New England Patriots head coach Bill Belichick addresses the media during his conference call on Tuesday, November 17, 2009.
BB: OK, we're getting ready for the Jets and that's in addition to what we saw from them earlier in the year. They have added some things offensively [and] defensively. [They have] a real good running game, of course. They present the usual scheme problems, the ones we worked on the first game and that they did a good job with. We have a lot of work to do there. It's a division game [and] it's November, so we've got to play well Sunday. We need to play a good game here against the Jets. They got us the last time and we need to win the division.
Q: Obviously Sunday was pretty emotional, does it help to face a team like the Jets where you think you guys won't need any help to get geared up for it?
BB: Well, we know the Jets are tough; they've beat us the last two times we've played them. We need to try to reverse that trend. It's a big challenge in this league every week, it doesn't matter who you play. The division games are even bigger. We have the same philosophy every week, win or lose. We make the corrections, take a look at the game we played and move on into the next game, so that's where we're at this week. It's really like we always approach it. It's just a division game, [so] I guess that makes it a little bit bigger.
Q: Since you guys played them last, I guess you saw a little bit of their blitz scheme like when you played the Ravens, have you guys improved since then in facing that scheme?
BB: We'll find out. The one thing about the Jets is they continue to add little tweaks and give you different looks on it as the year goes along. I'm sure even if they run the same things against us that they ran in the first game, they will do it with a little variation or something that makes it look a little bit different than what it was the last time. They do a good job of that. They don't just line up and tell you what they're going to be in. They try to make their coverages, their blitzes and their packages all blend together, so it's hard to read after the ball is snapped. I'm sure we'll get something similar to that this week.
Q: A two-part question about Matt Patricia. Can you talk a little bit about the impact he's had on this year's defense? And does he have an expanded role at all on the sidelines during game day now that Dean Pees is up in the booth?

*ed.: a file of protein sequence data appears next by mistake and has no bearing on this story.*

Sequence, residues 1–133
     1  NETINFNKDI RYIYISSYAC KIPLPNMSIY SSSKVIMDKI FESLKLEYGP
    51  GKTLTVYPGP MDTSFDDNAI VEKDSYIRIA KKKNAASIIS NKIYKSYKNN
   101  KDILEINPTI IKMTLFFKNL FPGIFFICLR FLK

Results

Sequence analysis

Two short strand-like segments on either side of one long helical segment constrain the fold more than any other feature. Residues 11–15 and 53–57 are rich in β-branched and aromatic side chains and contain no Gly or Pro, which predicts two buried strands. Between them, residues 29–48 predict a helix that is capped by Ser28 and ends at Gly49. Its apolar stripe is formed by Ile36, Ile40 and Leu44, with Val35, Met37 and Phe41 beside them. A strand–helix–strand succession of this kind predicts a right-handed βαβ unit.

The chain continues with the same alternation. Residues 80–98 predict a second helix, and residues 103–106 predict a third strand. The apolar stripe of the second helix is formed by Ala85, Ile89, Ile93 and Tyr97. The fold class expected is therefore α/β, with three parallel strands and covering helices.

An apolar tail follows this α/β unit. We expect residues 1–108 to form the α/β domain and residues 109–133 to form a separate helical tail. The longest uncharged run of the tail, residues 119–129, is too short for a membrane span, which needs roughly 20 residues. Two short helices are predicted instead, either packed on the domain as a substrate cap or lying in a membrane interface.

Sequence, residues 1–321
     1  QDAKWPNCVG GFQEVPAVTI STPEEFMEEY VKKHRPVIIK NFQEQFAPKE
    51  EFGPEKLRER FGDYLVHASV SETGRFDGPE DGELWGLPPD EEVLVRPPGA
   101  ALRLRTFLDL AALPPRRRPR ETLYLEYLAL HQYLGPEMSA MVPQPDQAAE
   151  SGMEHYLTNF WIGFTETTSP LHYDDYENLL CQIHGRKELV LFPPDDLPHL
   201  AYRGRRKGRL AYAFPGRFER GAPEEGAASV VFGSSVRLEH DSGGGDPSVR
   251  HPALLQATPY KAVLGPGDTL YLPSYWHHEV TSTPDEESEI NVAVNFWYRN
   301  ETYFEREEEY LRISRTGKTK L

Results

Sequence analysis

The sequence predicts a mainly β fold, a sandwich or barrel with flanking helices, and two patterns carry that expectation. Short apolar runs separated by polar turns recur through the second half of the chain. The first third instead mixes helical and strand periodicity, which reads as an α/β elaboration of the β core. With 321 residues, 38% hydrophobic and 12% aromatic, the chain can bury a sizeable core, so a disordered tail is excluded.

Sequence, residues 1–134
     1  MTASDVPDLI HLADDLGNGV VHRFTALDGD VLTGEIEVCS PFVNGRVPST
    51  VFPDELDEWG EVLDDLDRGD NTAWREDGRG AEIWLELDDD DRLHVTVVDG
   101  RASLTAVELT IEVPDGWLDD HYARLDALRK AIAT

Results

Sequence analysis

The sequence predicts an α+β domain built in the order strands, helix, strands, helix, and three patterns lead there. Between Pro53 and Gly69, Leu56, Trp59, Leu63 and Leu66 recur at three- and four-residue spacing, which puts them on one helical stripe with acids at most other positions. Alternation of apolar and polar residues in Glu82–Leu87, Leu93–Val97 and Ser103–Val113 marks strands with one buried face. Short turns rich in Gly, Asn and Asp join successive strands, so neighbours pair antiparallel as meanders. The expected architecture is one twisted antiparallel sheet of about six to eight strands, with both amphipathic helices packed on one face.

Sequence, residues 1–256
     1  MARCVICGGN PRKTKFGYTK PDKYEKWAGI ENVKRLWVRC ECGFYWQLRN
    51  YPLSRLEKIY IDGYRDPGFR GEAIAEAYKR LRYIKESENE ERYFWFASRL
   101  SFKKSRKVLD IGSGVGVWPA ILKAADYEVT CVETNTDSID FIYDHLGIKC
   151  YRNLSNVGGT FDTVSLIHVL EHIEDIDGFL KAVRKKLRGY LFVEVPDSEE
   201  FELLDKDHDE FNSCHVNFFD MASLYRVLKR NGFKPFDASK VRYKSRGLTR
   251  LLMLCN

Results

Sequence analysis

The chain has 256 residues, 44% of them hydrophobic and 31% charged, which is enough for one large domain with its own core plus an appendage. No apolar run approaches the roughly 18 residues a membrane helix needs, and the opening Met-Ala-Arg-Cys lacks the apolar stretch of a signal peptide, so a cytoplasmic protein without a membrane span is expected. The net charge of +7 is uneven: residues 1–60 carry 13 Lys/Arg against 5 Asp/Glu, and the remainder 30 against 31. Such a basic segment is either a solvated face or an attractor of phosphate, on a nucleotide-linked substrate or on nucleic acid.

BB: I'll start with the second question. Of course it's different, they are different assignments and different things to do on the field than up in the booth. They are both important; they're all important. Everybody's got an important role on game day. I would just say they are different, having done those myself as an assistant for a number of years - being upstairs, being downstairs, calling defenses, not calling defenses and all that. It doesn't really matter what it is that you are doing, you need several different people working together there from the top to the bottom - from upstairs to downstairs - making adjustments with the players, to looking at pictures and figuring out what they're doing. It is all important, it all has to work together. And Matt's a big part of that, but so are Dean [Pees] and Josh [Boyer] and Pepper [Johnson] - they all are. I don't want to over-magnify anybody's role or under sell it because it's all important and it all works together. Defensively, Matt - of course - has a very important job - as does any linebacker coach - because the linebackers are involved in every phase of the defense. They're involved in our regular based defense. They're involved in the pass rush. They're involved in the pass coverage and they're involved in our sub packages as rushers or as coverage players. So that really integrates them into all the other units on the defense as far as the communication. But also their responsibilities at times they have to coordinate with the secondary, at times they have to coordinate with the linemen, at times they have to coordinate with each other on coverage drops, run stunts and things like that. Anytime you are coaching a position like that, whether it be linebackers, tight ends, running backs, they have to be a part of everything. Of course, all the positions are important, but it adds a different dimension to that position, as opposed to coaching the secondary or the corners. And again, I'm not saying that's not important [because] I've done that, too, but you can be a lot more specific and there are a lot of plays and inside trap plays [where] it doesn't really involve the corners. There are a number of plays in the game where they're not directly involved, but there's hardly any play where a linebacker isn't involved to some degree and you have to coach it to get it defended properly. It's a little bit different, but it's fun to coach those positions because you are in on every play.
Q: I was wondering if you could revisit the personnel decisions from Sunday?
BB: I think all that's been talked about, and discussed and all that. I gave you what I knew about it in the game, what my decision was. At this point, I am onto the Jets.
Q: It was about Ty Warren and Shawn Springs being inactive. I was wondering if they were injury related or personnel related?